"If I was you, I'd kill myself."
I've heard those words a few times from people. Strangers, a friend or two who wandered away when they "couldn't handle" my disability.
So when I read this story about Daniel James, a young UK rugby player who committed suicide rather than face a life of paralysis, I wrote a news post about it. And then deleted it. Because stories like this, for me, are more personal than just a news story. And yet I couldn't say what I wanted to right away.
I've seen this story covered for several days now. Daniel was injured in a rugby practice and became paralyzed. The parents say their son was of sound mind and didn't want to live a second class existence. This statement is unequivocal and assumes that, yes, living with paralysis is a second class existence.
It is difficult to explain what emotions these words evoke in me after more than fifteen years of living with quadriplegia. I don't consider myself a second class citizen, nor do I feel I have a second class existence. I do, however, acknowledge that society creates barriers. Those barriers can seem insurmountable, especially to those who are newly disabled. And they create real problems in my life, despite the privileges I have. So this is not to judge, but to talk about the tragedy of all of this.
This story is tragic in many ways, mostly because it is an avoidable one, one that could be retold if things were to change, including attitudes. It is a self fulfilling prophecy to say that living with a disability is a second class existence and then to continue to fail to provide adequate resources for a person with a disability to have any quality of life.
I've learned from experience that judging others isn't fair. I've met people with disabilities on the internet who get no in home care and go hungry, unable to make themselves food and those who are institutionalized when they could live in the community. I've met people with disabilities who haven't been out of their house in years. I've met families completely burned out from caring for a person with a disability, with no respite and no support. These situations are the result of a failure to have adequate resources and not due to disability per se. I know that because the level of disability is not always the determinant of whether a person becomes institutionalized or homebound - it's a result of a lack of money and resources.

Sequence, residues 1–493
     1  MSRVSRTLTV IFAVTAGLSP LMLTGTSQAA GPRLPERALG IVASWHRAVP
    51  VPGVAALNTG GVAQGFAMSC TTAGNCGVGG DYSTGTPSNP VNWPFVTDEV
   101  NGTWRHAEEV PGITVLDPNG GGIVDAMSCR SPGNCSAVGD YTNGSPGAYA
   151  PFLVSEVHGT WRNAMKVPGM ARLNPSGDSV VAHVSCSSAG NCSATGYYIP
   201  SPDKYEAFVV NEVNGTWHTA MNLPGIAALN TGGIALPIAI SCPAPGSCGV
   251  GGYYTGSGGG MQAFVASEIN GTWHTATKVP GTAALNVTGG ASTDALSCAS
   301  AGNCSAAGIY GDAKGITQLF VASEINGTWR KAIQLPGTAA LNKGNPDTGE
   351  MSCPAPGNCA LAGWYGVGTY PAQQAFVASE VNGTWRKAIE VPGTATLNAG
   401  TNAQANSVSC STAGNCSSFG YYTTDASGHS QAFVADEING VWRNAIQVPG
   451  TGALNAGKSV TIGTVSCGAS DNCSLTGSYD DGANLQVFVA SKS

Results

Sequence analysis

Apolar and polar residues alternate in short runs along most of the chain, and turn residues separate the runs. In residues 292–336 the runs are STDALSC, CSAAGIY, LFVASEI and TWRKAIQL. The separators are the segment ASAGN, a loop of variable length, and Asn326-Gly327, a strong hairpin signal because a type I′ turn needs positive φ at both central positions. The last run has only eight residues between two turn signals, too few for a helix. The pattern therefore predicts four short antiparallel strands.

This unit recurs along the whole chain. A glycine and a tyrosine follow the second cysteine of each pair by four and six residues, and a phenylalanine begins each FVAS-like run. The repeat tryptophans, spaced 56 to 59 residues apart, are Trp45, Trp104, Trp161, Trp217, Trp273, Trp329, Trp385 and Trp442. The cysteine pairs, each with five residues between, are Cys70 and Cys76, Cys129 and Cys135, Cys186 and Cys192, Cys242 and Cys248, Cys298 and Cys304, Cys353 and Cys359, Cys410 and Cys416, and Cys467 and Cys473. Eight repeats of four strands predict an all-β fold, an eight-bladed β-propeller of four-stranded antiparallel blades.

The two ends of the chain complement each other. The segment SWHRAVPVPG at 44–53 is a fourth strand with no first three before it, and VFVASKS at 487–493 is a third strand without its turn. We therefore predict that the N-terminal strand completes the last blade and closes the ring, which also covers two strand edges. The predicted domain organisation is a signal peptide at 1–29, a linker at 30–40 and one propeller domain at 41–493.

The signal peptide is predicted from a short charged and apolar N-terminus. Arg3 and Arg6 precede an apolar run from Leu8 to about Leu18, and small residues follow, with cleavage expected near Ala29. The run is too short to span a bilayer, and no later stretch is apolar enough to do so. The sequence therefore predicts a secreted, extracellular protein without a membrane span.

I've also met people with disabilities who travel all over the world, who run major corporations, who work in every profession, who have children and raise them beautifully, who marry and sing, dance, paint, write. The difference? Not to take away from their accomplishments, but they , in one way or another, have resources. It's not the level of disability that's the determining factor most of the time - it's the availability of resources.
It's a disgrace that we still live in a world where a young man would rather die than live with paralysis. I remember the fear I had when it first happened. But that initial state some people go through is different than one where facing a lack of resources makes someone prefer suicide to life. It is imperative that we raise awareness about both states of being, in order to reassure people who acquire and/or live with disabilities - and their families- that a life with a disability is not something to fear in and of itself. We can all work toward a better tomorrow, one with resources for those who are the most vulnerable among us, those who deserve to live with dignity.
But in the meantime, stories like this need to be reframed into what they are - an indictment of society and the way it has treated disability globally, rather than a reaffirmation of the lie that living with a disability is an inevitable state of second class citizenship.
Join me. Feel free to say in the comments, whether you are a person with a disability, a friend or family member, that we are not second class citizens. And that it is not inevitable that any of us have to live second class existences. Do it in memory of Daniel James.